20. I didn’t read it all, but I am making just a basic comment about what the Japanese actually are for anyone who stumbles onto this. This is backed by DNA evidence and migration logic used on other tested populations.

    The Japanese are a mix of two people, Yayoi and Jomon. Jomon are a group which existed in Japan for tens of thousands of years, they originate from North Asia is hypothesised, as the only other groups which share the Y genes mutations as the Jomon are half of the Tibetan population and also Mongolian men.

    A slight amount of it is found in Korea’s south also, but it’s small in number. Basically this old clan of Asiatic people originate from around Mongolia it is thought. They travelled a very long time ago before the more successful cultures along the Chinese Huang He evolved.

    These people made it into Japan, the first people ever in Japan. They formed the Jomon culture, they also made it down into Tibet and scientists speculate that they also may have been more prevalent even in the Korea area and in China.

    Though as you know other groups evolve and may become more dominant, it happens all the time. The birth of Chinese civilisation is along the Huang He and this group proved to be very successful, spreading all through Asia.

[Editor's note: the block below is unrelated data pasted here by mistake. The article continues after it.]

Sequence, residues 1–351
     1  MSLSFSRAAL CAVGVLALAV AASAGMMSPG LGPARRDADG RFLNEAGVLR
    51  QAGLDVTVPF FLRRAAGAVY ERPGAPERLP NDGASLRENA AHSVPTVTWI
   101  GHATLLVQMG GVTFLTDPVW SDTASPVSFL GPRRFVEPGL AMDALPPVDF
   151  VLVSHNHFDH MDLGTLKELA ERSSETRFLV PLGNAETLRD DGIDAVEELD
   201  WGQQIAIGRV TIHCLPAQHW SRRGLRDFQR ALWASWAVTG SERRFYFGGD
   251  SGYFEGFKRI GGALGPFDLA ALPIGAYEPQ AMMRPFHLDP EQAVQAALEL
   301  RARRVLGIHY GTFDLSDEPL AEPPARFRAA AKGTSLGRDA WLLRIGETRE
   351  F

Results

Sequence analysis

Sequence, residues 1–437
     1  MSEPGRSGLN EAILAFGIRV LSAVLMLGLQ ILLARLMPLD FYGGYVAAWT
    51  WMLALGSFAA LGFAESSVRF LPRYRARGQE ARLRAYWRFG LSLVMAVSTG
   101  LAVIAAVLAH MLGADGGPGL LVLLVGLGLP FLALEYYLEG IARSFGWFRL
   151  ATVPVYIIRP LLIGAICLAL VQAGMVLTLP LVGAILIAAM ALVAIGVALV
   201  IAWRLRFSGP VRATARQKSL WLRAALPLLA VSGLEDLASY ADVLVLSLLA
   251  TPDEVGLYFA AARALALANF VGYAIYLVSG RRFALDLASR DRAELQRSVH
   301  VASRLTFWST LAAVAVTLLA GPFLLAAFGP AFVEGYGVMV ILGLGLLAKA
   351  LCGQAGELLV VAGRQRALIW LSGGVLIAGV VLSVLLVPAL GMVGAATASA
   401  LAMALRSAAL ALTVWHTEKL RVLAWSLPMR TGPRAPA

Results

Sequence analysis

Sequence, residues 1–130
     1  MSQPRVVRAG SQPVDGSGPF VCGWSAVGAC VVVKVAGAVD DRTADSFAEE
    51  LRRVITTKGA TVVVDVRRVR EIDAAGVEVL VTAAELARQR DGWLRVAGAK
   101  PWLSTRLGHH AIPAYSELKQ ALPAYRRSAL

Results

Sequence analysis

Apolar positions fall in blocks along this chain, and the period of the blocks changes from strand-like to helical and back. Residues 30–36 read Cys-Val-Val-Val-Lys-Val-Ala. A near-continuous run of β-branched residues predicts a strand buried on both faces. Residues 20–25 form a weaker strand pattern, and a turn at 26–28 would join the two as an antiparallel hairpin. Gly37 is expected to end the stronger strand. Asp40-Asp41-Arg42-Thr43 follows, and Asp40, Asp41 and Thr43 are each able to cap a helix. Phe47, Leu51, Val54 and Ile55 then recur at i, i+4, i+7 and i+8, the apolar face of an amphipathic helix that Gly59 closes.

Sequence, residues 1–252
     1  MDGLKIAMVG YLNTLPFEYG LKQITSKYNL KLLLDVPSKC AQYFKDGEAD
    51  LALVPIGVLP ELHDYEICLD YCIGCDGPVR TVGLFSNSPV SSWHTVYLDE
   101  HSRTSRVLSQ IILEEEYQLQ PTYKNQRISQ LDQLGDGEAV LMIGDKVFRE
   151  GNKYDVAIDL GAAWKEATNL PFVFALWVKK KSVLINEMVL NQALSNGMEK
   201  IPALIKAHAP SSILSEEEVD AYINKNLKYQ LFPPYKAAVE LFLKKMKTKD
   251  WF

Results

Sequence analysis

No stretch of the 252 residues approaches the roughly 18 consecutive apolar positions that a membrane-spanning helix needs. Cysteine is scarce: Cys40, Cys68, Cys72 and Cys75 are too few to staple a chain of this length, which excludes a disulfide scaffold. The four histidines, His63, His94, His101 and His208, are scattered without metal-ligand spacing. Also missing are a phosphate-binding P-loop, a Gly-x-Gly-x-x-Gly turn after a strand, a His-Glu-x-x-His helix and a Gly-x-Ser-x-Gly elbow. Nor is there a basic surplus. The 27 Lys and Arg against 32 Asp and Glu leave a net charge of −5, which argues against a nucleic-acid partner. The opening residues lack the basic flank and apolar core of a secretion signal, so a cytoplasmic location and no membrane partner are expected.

As they spread they took over, any areas where Jomon ancestors existed were pretty much on a genetic level taken over and at least on a Y mutation level are not detectable today in these areas.

    Though places quite far away with more protection retained these genes, Mongolia is separated by a large mountain range and a desert from China, Japan is separated by sea and Tibet is on a giant Plateau so also was protected to some degree and hard to invade because of that.

    The Yayoi finally did make it to Japan, these Yayoi certainly came across from the Korean peninsula and at least from skull remains they appear to be kind of like Koreans or Chinese people, yet have more slender faces for some reason.